Another proposed increase in Court fees

The Ministry of Justice have released a consultation on proposals for further increases to court fees.

Following on from James Perry’s article in March of this year, once again there are plans afoot to increase court fees. The Ministry of Justice [MoJ] have released a consultation which proposes further increases:

  • The maximum fee for money claims would rise from £10,000 to £20,000. Fees are currently payable on 5% of the value of a claim up to a maximum fee of £10,000
  • Following consultations carried out by the coalition government earlier this year, the MoJ confirmed it would increase fees for issuing a possession claim in the county court from £280 to £355
  • Fees for general applications in civil proceedings will increase from £50 to £100 for an application by consent, and from £155 to £255 for a contested application

The MoJ say on their website “As the Lord Chancellor set out recently, we are seeking to modernise HMCTS and improve its efficiency. We need a properly funded service that protects access to justice and if we are to achieve that whilst reducing the cost of the courts and tribunals to the taxpayer we must also look again at the fees we charge”.

The full consultation can be found on the MoJ website at:

The closing date for the consultation is the 15th September 2015.

Inquiry into courts and tribunals fees and charges
On the issue of court fees the justice committee has opened an inquiry into the courts fee regime. A number of fees and charges were introduced under the former government which included fees for employment tribunals and increased fees for civil proceedings.

The committee is seeking views on the following:

  • How have the increased court fees and the introduction of employment tribunal fees affected access to justice? How have they affected the volume and quality of cases brought?
  • How has the court fees regime affected the competitiveness of the legal services market in England and Wales, particularly in an international context?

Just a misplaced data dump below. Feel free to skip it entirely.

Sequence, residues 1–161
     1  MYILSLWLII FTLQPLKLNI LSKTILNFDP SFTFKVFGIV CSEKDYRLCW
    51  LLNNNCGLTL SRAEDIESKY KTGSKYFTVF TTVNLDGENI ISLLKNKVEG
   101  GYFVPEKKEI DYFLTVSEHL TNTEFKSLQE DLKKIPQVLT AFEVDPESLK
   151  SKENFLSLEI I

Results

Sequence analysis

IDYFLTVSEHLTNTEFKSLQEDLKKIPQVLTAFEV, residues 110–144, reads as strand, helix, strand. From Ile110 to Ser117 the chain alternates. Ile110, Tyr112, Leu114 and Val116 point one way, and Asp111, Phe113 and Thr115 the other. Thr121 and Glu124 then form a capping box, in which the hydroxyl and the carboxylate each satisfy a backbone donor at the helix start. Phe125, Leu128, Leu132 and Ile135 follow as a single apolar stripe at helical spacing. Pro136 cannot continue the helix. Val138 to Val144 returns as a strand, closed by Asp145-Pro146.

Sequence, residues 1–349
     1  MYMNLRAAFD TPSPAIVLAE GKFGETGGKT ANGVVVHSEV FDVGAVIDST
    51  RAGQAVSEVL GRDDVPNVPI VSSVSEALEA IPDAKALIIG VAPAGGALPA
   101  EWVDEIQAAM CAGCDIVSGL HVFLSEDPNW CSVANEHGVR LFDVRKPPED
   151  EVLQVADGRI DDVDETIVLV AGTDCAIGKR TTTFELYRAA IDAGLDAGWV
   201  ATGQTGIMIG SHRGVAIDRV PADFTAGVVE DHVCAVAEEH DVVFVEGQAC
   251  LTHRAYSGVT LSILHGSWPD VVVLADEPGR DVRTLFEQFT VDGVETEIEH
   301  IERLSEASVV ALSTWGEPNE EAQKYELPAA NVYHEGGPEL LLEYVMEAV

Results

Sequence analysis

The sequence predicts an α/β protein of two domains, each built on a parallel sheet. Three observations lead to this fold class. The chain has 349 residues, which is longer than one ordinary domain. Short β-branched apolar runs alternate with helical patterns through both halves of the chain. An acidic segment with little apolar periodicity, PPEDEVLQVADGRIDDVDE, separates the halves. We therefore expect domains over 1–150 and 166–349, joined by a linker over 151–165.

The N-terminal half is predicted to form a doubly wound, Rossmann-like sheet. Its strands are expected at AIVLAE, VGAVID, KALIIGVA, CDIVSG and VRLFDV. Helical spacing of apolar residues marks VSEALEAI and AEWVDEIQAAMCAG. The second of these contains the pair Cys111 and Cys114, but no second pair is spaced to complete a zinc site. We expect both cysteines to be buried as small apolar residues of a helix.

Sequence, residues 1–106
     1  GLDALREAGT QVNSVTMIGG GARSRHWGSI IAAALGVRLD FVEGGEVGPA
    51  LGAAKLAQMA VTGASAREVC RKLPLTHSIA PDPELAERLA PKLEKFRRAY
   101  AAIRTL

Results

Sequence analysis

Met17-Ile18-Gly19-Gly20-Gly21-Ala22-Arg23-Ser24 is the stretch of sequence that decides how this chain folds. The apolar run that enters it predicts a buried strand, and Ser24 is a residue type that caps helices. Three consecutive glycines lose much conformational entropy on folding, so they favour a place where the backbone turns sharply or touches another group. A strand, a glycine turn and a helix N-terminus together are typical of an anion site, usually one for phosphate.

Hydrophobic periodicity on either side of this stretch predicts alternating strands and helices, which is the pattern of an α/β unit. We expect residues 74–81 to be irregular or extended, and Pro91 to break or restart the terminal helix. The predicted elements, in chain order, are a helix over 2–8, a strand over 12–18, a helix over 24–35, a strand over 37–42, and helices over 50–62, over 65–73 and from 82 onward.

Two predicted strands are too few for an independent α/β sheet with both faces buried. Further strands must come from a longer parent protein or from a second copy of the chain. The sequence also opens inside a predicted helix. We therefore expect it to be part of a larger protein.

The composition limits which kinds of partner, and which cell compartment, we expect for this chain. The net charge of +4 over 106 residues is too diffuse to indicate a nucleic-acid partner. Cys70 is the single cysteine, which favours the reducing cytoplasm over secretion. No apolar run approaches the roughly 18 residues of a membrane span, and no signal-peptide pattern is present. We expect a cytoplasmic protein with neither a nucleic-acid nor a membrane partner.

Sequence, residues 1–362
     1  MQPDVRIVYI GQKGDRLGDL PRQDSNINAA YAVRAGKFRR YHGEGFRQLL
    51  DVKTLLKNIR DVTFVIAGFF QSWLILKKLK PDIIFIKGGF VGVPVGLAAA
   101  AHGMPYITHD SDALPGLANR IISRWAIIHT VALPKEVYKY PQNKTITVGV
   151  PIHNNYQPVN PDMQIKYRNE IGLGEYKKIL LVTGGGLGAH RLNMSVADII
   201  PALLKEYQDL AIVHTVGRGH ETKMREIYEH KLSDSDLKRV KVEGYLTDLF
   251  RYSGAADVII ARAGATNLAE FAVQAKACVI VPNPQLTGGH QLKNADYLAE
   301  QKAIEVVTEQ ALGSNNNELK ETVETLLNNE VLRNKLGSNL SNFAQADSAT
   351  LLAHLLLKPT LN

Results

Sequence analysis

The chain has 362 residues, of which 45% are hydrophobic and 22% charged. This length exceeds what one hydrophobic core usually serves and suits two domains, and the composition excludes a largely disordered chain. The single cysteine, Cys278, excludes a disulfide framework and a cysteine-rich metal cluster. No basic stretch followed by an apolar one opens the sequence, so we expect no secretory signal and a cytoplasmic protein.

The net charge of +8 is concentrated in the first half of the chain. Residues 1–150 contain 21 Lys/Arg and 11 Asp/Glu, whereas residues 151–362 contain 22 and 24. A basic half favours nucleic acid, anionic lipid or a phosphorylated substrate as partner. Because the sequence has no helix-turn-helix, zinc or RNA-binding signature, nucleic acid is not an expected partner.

• What have been the effects on defendants of the introduction of the criminal courts charge? Has the criminal courts charge been set at a reasonable and proportionate level? Is the imposition and collection of the charge practicable and, if not, how could that be rectified?

Submissions should be made by the 30 September 2015. The link to the enquiry can be found at:

MoJ looks to close courts to reduce costs
In a further consultation the MoJ are looking to reduce the HMCTS estate by closing one in five courts to reduce the current cost to taxpayers of approximately £500 million each year.

The closures were trailed by justice secretary Michael Gove in a speech last month – his first since coming to office. They are similar in scale to a closure programme announced in December 2010 which confirmed the shutting of 141 courts.

This will potentially lead to issues of access for justice

This information is intended as a general discussion surrounding the topics covered and is for guidance purposes only. It does not constitute legal advice and should not be regarded as a substitute for taking legal advice. DWF is not responsible for any activity undertaken based on this information.

David Scottow

Director - National Head of Recoveries

I am a Senior Director and National Head of Recoveries with almost 40 years’ experience in debt litigation, insolvency and credit management..


Jeffersen Gledhill

Legal Recoveries & Operations Manager

I am Legal Recoveries and Operations Manager, working on the recovery of volume and 'niche based' commercial and consumer debts.

James Perry

Director Technical - Co-Manager of the Recoveries Team

I am a Director Technical at DWF and Co-Manager of the Recoveries Team.

Neil Jinks


I am a Director within the recoveries team at DWF. I have over 25 years of experience working in law firms, the credit industry and High Court enforcement sector, managing and developing debt recovery operations and client relationships.